Abortion Doulas, The Complex Legacy of Kobe Bryant, & The Spa of Your Nightmares
Happy February! January definitely overstayed his welcome, and we at PULP are rejoicing in the fact that the groundhog did not, in fact, see his shadow. Hell yes to early bloomin’ Spring!
In the meantime, despite the signs of warmer times, the world feels particularly heavy and chaotic at the moment — blame the fact that its an election year, blame the headiness of Aquarius season, blame the fact that Lizzo didn’t win ALL of the Grammys. It’s largely unimportant on whom you place the blame. Rather, take a minute to connect to the world around you in sensory ways — ways that winter, politics, and capitalism would have you ignore.
Today as I was walking to work, I slipped on a large, muddied petal of a magnolia. Which shocked me into remember that it’s magnolia season — they are everywhere, looking glacial and tempestuous at the same time (how do they do that?). Indeed, I think magnolia trees are January’s really fantastic host gift to us, almost as if the month already knows it’s going to go on way too fucking long.
Here’s to you — may you find the bright moments you need.
July (+ Katie)
The Vital Work And History Of Abortion Doulas, by Ray Levy-Uyeda
“And most recently, there’s been a return to a rhetoric that vilifies everyone who nears a clinic, from the provider to the nurse to the patient. Anti-choice legislation such as “heartbeat bills” and 20-week abortion bans may be de rigueur, but attacks on those who administer terminations are as old as the practice itself.
Although the word has been reappropriated and reinterpreted in recent decades stripping it almost entirely of meaning, “witches” in the fourteenth century provided aid to ailing women, kicking off a period known as the Inquisition, a hunt for “heretics” that often murdered women on its altar to God.”
Why We Have To Keep Talking About Kobe, by Katie Tandy
“The unexpected death of a hero is a Tragedy and becomes a kind of liminal public square where we can gather and process larger themes of our collective lives. We use these deaths of celebrities (Health Ledger, Carrie Fisher, Aaliyah, Robin Williams) to lance sprawling societal psychological blisters on everything from mental health and addiction to fame itself and sexual assault.
But our current rhetoric seems to go something like: because Kobe’s life was cut short, now isn’t the “time” to discuss his 2003 rape accusation. (Which ended in a settlement, the details of which were never made public.) Now isn’t the “time” to complicate his legacy, to take him to task, to compound a painful chapter for his friends and family. It’s in supposed poor taste. It’s offensive to discuss the lingering shadows of a dead man.”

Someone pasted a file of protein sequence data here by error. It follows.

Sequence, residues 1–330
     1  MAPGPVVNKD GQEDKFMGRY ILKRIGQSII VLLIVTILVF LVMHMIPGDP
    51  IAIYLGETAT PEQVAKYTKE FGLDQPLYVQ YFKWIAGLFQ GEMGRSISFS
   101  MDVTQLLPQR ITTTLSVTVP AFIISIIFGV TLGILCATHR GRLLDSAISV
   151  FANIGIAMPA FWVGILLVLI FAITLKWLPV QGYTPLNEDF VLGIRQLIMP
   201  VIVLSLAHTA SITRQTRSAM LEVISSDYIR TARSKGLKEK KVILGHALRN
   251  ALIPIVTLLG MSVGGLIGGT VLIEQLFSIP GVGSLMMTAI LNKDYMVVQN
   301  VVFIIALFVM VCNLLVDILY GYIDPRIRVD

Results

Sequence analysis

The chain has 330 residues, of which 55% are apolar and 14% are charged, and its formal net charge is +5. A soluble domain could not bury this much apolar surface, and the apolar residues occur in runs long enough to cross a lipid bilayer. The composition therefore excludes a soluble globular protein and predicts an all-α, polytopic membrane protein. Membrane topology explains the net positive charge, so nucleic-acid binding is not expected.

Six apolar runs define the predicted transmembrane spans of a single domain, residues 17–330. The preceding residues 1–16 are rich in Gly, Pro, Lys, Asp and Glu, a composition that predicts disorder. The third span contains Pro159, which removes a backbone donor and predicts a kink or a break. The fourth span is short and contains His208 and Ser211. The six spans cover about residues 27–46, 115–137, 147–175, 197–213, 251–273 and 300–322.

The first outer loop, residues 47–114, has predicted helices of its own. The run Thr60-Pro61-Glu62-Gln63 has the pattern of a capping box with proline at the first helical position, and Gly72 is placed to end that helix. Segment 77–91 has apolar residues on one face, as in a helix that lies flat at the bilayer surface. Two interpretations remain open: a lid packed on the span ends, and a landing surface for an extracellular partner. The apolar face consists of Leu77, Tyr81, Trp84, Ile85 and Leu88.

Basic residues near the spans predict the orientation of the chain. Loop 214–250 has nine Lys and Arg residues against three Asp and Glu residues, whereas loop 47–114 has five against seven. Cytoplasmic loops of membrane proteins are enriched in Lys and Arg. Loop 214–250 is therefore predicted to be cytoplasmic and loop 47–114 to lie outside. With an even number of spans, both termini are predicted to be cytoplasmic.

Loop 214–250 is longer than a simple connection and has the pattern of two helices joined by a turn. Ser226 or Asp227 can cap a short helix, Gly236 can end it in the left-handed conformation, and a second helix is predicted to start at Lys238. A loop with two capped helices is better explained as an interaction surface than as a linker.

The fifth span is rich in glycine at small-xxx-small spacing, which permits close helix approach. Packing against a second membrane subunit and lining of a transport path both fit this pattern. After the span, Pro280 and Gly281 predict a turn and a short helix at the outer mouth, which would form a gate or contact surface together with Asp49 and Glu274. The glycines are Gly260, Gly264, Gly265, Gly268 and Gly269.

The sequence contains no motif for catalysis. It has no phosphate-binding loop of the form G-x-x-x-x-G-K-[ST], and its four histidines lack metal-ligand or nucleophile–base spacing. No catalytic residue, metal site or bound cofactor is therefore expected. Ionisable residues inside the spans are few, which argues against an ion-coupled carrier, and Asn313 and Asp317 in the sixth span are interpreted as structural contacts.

Kobe Bryant, Race, And A Complex Legacy In The #Metoo Era, by Ryan Fan
“What’s the right way to reckon with Kobe’s legacy? Despite his accomplishments on the basketball court and off the court, he was still accused of rape. I have seen a lot of people question whether we can still mourn Kobe and his legacy while paying respect to his accuser.”
When Discussing Black Role Models, You Can’t Neglect Mentioning Race, by ZUVA
“Many of us are at an impasse, how do we mourn the dead while still honoring the victim? It has been a day, and there has already been a flurry of articles and people wanting to remind us of what occurred in 2003. Which, to me, is not an issue. There is no doubt in my mind that the events we have heard occurred and I believe it is vital to paint a whole picture, even if it is murky and dark in places.”
PULP It Like It’s Hot: An Art Exhibition Mutates Into The Spa Of Nightmares, by Tara Elsen
“We’ve come to experience some culture at a friend’s recommendation. We enter an old, elegant, clear white building with a sweeping marble staircase spiraling through the core of it; the gallery space spans three rooms that circle around the staircase.
The first room contains a pile of masks saying, “Free face-masks for your convenience, to feel safe.” An omen.”
Breaking Free In A Country Of Caged Desires: Ethical Non-Monogamy And Indian Queerness, by Dipyaman Sengupta
“We were ecstatic to, finally, be considered as part of the lawful Indian society as well as excited for our new sexual adventures but we were also as naive as Baby Groot and as a result, massively overestimated the impact of the monumental Supreme Court Decision. Sure, sex with a same-sex person was decriminalized in the eyes of the law but what was its status in the eyes of the common people? Was the Indian Society ready to accept a queer person with open arms?”